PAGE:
$8.3 million buys conservation easement in Forest County

Madison – It was a sunny afternoon on Thursday, June 24, when
Gov. Doyle, DNR_Secretary Matt Frank, staffers, and members of The
Nature Conservancy visited Wabikon Lake in Forest County to inform
citizens that the state bought a conservation easement on 18,438
acres around the lake for a price of about $8.3 million.

Doyle said the easement – while it doesn’t purchase the land
outright – prevents any commercial development in the future.

However, the land will continue to be logged, and will remain
open for outdoor recreation.

The state purchased what’s called a State Forest Legacy easement
on 18,438 acres of land in Forest County from Wisconsin Timber
Associates, a company owned by members of the Connor family. At the
same time, The Nature Conservancy bought the adjoining shoreland on
Wabikon and Riley lakes.

The easement requires that the forest lands be managed for
sustainable timber harvest, wildlife benefits, hunting, fishing,
bird watching, and all other outdoor activities. It is not a sale
of the land; it is a sale of the rights to develop the land and
change it from the current uses of the land, Frank said.

The lands are enrolled under the Managed Forest Law and have
been open to the public for outdoor recreation in the past. Franks
said the land will remain open to the public. Using Knowles-Nelson
Stewardship funds, the cost to the public is $8,297,163. This will
be a 10-year bond issue.

What won’t happen is the division, sale, and development of the
property to a myriad of owners. Wild shorelines will stay wild,
large tracts will not be broken into small lots for hunting cabins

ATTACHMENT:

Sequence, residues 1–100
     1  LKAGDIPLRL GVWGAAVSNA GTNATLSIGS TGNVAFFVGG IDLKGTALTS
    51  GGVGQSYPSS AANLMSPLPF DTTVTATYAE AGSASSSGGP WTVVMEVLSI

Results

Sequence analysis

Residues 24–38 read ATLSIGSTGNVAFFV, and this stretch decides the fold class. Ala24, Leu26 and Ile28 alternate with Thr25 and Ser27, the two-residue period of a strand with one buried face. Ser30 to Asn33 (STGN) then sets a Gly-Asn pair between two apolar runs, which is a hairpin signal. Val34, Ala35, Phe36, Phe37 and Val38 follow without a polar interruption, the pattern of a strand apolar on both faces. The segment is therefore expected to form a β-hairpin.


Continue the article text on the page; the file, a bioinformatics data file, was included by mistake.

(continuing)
or weekend retreats, and the timber base, which has been
disappearing at a hastened pace in recent years, will stay intact,
said Mary Jean Huston, state director of The Nature
Conservancy.

The timber will still be managed as it has been for many decades
and will provide jobs and raw material to local forest products
industries, Frank said.

The Nature Conservancy made the second purchase, which is of the
land bordering much of Wabikon and Riley lakes. The purchase
consists of 656 acres of shoreline. It is contiguous to the lands
that are now part of the Forest Legacy easement. According to
Huston, Wabikon and Riley lakes hold the highest rank in the state
for their natural values.

Huston said The Nature Conservancy is known for saving wild
places from development.

The Nature Conservancy’s shoreline acquisition will be paid for
by money raised by, or borrowed, by TNC, which will sell the
property to the U.S. Forest Service. The group will help the Forest
Service get funding through the federal Land and Water Conservation
Fund. When paid by the Forest Service, TNC can retire its debt or
use any extra money for the next saving of a unique property.

At the ceremony at the Wabikon Lake boat landing, Huston, said,
“In Wisconsin, forests are an important part of our economy and
central to our way of life. This project will ensure that a
beautiful and diverse landscape of forests, rivers, and wild lakes
remains undeveloped yet productive land, keeping it intact for
wildlife and the enjoyment of future generations.”

In the case of Wabikon and Riley lakes, The Nature Conservancy
raised and paid $2.8 million to Wisconsin Timber Associates.

The Connor family could have made more from developing, but
chose the more environmentally sound course, Huston said.

The Forest Legacy easement on the 18,438 acres includes
high-quality hemlock hardwoods.

“This land is a highly productive northern hardwood, and The
Nature Conservancy has acquired frontage on Wabikon and Riley
lakes, in a complementary transaction,” DNR_Real Estate Director
Dick Steffes told the Natural Resources Board when the board
approved the purchase during its meeting on June 23.

Wabikon and Riley lakes are in the headwaters to Green Bay.

The DNR easement will allow public access for all outdoor
recreation, including hunting, fishing, and trapping, and the
owners of the land have a sawmill in Laona that will continue to
produce local jobs from the working forest.

The land, located in the towns of Nashville, Lincoln, Laona, and
Blackwell, is surrounded by national and county forest.

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